We rarely marvel at connecting online in 2020. Clicking a “like” buttons is easy. How do we create spaces for more meaningful connection? This presentation describes an approach using off-the-shelf web tools and student-centered design for personal sharing between grade 10-12 students deemed at risk of not graduating. Wordplace (https://wordplace.ca) was developed for connecting three urban schools in a mid-sized Canadian city.
Students in Prairie South School Division’s three graduation support programs enrolled in a common course. Previously, students met curricular outcomes and fostered a sense of belonging by corresponding with postcards. The stories shared were private and the process was often cumbersome for teachers. Tracking was challenging and the flow untimely. By publishing online, barriers were removed for students sharing stories, thus changing the nature of their writing. Student voices became visible.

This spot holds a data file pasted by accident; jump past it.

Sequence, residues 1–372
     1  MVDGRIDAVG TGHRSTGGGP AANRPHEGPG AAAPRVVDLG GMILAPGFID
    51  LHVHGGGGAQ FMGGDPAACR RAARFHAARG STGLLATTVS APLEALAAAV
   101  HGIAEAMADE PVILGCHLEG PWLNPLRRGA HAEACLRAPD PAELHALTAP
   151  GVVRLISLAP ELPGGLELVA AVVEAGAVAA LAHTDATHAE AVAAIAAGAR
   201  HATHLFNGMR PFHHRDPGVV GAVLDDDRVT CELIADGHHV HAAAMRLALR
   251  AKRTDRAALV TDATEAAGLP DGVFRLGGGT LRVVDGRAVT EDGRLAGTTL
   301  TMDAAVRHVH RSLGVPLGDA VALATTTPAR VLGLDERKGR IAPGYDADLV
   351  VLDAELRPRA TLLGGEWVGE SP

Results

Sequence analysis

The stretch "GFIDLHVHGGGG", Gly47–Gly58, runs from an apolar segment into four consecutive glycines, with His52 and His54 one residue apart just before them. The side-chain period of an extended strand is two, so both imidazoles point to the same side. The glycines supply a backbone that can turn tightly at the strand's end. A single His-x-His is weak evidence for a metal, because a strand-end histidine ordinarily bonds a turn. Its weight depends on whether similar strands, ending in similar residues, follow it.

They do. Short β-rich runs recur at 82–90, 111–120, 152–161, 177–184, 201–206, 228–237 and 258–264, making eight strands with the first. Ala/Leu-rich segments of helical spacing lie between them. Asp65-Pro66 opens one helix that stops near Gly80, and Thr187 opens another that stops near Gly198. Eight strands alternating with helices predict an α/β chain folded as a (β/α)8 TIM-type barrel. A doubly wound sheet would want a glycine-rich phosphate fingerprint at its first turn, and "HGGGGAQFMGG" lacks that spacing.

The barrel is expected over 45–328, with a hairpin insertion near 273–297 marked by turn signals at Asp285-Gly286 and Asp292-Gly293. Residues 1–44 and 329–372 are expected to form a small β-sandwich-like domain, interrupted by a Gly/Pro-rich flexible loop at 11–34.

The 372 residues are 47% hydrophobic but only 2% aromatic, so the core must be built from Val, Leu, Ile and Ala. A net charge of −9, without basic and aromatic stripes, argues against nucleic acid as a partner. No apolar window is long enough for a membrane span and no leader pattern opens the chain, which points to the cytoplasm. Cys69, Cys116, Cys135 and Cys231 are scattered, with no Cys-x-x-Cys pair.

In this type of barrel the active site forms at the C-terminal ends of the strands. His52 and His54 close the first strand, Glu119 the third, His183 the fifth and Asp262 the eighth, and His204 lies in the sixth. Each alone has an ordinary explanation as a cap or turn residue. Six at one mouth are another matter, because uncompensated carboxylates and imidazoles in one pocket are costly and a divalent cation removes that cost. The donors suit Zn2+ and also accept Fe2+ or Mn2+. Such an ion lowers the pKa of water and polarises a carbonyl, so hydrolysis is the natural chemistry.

Student safety, autonomy, and a sense of belonging were at the forefront of the project. Students, who had no experience found unanticipated delight in using a shared site. WordPlace created a dialogue about writing. In the first two months, the site generated hundreds of student-to-student comments.
Contributing to WordPlace fosters different levels of resilience for its participants. As major curricular linked themes like the Resiliency Project emerged, WordPlace became a way for students to learn about themselves.